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Kayleegator

Obsessive Swimming

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OK, here's my girl Kaylee's latest trip... she's 14 months old now.

 

We've been taking her camping lately. We have stayed in public campgrounds with the six-foot-leash rule, but have been able to choose places where she can either run free on the beach (wheee, wow! The speeeeding bullet!) or swim in the lake, to get those BC yayas out.

 

We live near a river, which is usually too cold and fast for her taste, so she hasn't had a lot of swimming experience. But last weekend we were at a lake, where the swimming was fine for us all. It was probably the third time in her life that she'd been able to really swim, and she went for it. The Fetch game was taken VERY SERIOUSLY, to the point that Kaylee was trying to swim out into the middle of this big lake looking for a stick that sank, and her recall is so-so at the best of times. She eventually turned around, but I was stressin: she had been in the water for a long time, like two hours, swimming for most of that time, and I could tell she was really wound out and tired. We got her out of the water only when she could see another stick in my hand, and had to take her back to the campsite, as she wouldn't stop crying for more swimming. The car is the crate: she accepted that a long time ago, so was able to settle and rest, while I did, too.

 

Obviously, we do need a toy that floats, instead of the unreliable stick supply, and I need to keep working on her recall.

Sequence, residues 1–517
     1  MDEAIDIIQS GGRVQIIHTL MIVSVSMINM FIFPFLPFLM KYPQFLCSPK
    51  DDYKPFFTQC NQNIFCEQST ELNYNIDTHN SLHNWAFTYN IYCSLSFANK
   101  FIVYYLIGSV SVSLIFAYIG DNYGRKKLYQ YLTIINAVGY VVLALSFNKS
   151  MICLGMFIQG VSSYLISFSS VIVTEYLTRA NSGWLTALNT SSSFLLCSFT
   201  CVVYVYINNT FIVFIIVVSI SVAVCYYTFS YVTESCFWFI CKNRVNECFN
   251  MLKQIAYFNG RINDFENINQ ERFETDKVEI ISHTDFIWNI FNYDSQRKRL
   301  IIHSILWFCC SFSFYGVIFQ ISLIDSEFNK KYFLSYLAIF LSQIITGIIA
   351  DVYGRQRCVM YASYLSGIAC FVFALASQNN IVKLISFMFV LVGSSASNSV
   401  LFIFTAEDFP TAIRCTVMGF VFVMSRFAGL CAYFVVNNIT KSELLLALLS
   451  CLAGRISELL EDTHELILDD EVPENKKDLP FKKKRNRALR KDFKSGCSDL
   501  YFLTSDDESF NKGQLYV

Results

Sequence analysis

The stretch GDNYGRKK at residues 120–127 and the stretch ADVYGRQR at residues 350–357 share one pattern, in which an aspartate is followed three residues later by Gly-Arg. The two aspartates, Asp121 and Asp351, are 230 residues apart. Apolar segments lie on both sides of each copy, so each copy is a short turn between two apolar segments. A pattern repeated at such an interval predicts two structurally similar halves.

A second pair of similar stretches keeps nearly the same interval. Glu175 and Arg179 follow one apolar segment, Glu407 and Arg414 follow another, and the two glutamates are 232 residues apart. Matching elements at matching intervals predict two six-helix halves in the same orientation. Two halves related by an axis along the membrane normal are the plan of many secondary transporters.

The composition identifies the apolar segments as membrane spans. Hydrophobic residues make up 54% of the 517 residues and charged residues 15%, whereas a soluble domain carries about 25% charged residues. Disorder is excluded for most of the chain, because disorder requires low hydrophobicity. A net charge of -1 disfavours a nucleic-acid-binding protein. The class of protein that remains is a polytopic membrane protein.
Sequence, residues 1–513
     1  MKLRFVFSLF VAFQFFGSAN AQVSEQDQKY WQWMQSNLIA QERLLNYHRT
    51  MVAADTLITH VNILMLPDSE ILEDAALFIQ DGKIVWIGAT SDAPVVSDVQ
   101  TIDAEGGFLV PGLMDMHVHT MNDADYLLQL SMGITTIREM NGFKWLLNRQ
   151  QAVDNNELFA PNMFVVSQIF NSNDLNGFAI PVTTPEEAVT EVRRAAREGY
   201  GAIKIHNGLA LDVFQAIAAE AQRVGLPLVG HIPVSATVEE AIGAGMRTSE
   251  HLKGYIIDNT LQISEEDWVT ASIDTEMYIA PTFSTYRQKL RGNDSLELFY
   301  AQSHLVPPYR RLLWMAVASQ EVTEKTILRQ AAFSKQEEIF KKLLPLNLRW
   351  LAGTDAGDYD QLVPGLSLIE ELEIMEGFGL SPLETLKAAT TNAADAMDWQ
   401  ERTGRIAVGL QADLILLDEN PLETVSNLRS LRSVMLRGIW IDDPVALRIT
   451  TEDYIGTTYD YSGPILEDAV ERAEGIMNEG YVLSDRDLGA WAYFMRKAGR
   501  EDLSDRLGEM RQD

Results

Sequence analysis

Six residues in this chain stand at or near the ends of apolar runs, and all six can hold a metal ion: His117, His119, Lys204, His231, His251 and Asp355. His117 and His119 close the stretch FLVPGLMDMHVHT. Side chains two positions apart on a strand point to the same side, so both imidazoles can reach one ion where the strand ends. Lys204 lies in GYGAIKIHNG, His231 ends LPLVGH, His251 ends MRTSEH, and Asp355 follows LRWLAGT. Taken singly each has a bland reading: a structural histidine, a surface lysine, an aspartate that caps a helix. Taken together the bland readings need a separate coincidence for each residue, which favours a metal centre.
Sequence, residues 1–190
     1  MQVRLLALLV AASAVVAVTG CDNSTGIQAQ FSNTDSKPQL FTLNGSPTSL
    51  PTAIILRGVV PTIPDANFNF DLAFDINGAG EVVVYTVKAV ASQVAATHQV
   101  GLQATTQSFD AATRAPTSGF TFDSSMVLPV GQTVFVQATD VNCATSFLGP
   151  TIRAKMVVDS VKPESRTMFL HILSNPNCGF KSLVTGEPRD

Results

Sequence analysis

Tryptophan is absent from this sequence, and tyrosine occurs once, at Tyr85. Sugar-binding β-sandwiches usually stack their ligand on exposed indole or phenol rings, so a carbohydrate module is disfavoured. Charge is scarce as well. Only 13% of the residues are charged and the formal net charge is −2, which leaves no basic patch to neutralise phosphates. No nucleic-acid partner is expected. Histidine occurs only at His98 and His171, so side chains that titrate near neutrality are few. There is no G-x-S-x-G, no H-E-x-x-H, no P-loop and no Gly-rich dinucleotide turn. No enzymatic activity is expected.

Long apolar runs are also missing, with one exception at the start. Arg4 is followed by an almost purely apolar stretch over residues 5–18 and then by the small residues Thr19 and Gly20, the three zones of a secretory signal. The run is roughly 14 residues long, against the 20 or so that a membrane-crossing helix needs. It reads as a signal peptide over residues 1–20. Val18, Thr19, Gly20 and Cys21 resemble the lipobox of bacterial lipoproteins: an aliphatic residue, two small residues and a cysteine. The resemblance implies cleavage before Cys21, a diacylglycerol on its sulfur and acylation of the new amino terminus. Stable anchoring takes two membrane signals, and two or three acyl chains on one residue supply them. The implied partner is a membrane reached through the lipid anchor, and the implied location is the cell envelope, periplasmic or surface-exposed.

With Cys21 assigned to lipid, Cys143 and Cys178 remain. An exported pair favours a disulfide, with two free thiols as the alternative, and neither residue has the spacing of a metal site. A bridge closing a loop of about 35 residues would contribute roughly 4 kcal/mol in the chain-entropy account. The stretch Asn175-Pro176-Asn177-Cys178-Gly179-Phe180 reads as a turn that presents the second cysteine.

My husband has been trying to tell me diplomatically that for me to obsess over my dog's OCD is unhealthy, and irritating for him: there's a stress chain there. I'm doing the best that I can with the dog I've got. I'm actually learning to appreciate her shadow fixation as a sort of 'off' button: i.e. on her first canoe ride, she got bored or overwhelmed, I can't always tell, laid down in the bottom of the canoe and stared at shadows. Didn't rock the boat, anyway. At the rowdy campfire party, there was too much stimulation for her, and she laid down and stared at shadows from the fire (I did crate her after a while). She does this whenever she's in a group of people. Like an autistic child that retreats from the world, it's her coping mechanism. I have given up trying to engage her interest in such situations, although at home when it's just us, I still do try to distract her from obsessing.

 

Was I over-reacting to be concerned about my dog swimming herself into an exhausted state? More suggestions for this team of psychos?

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Two hours is far too long. Dogs can and do die of water intoxication, not to mention drowing. I almost lost one of mine to water intoxication and she will never be the same dog. I've finally made the heartbreaking decision to completely retire her. Yes, floating toys are better, and so is a LIFE VEST, but you really need to limit her swimming if she swallows water at all.

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Two hours is far too long. Dogs can and do die of water intoxication, not to mention drowing. I almost lost one of mine to water intoxication and she will never be the same dog. I've finally made the heartbreaking decision to completely retire her. Yes, floating toys are better, and so is a LIFE VEST, but you really need to limit her swimming if she swallows water at all.

 

Thanks for your reply, Liz, that's helpful. I so appreciate the experience and expertise that this list provides!

 

I'm very sorry about your poor girl: such a hard decision!

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Cuz balls float and make great water toys.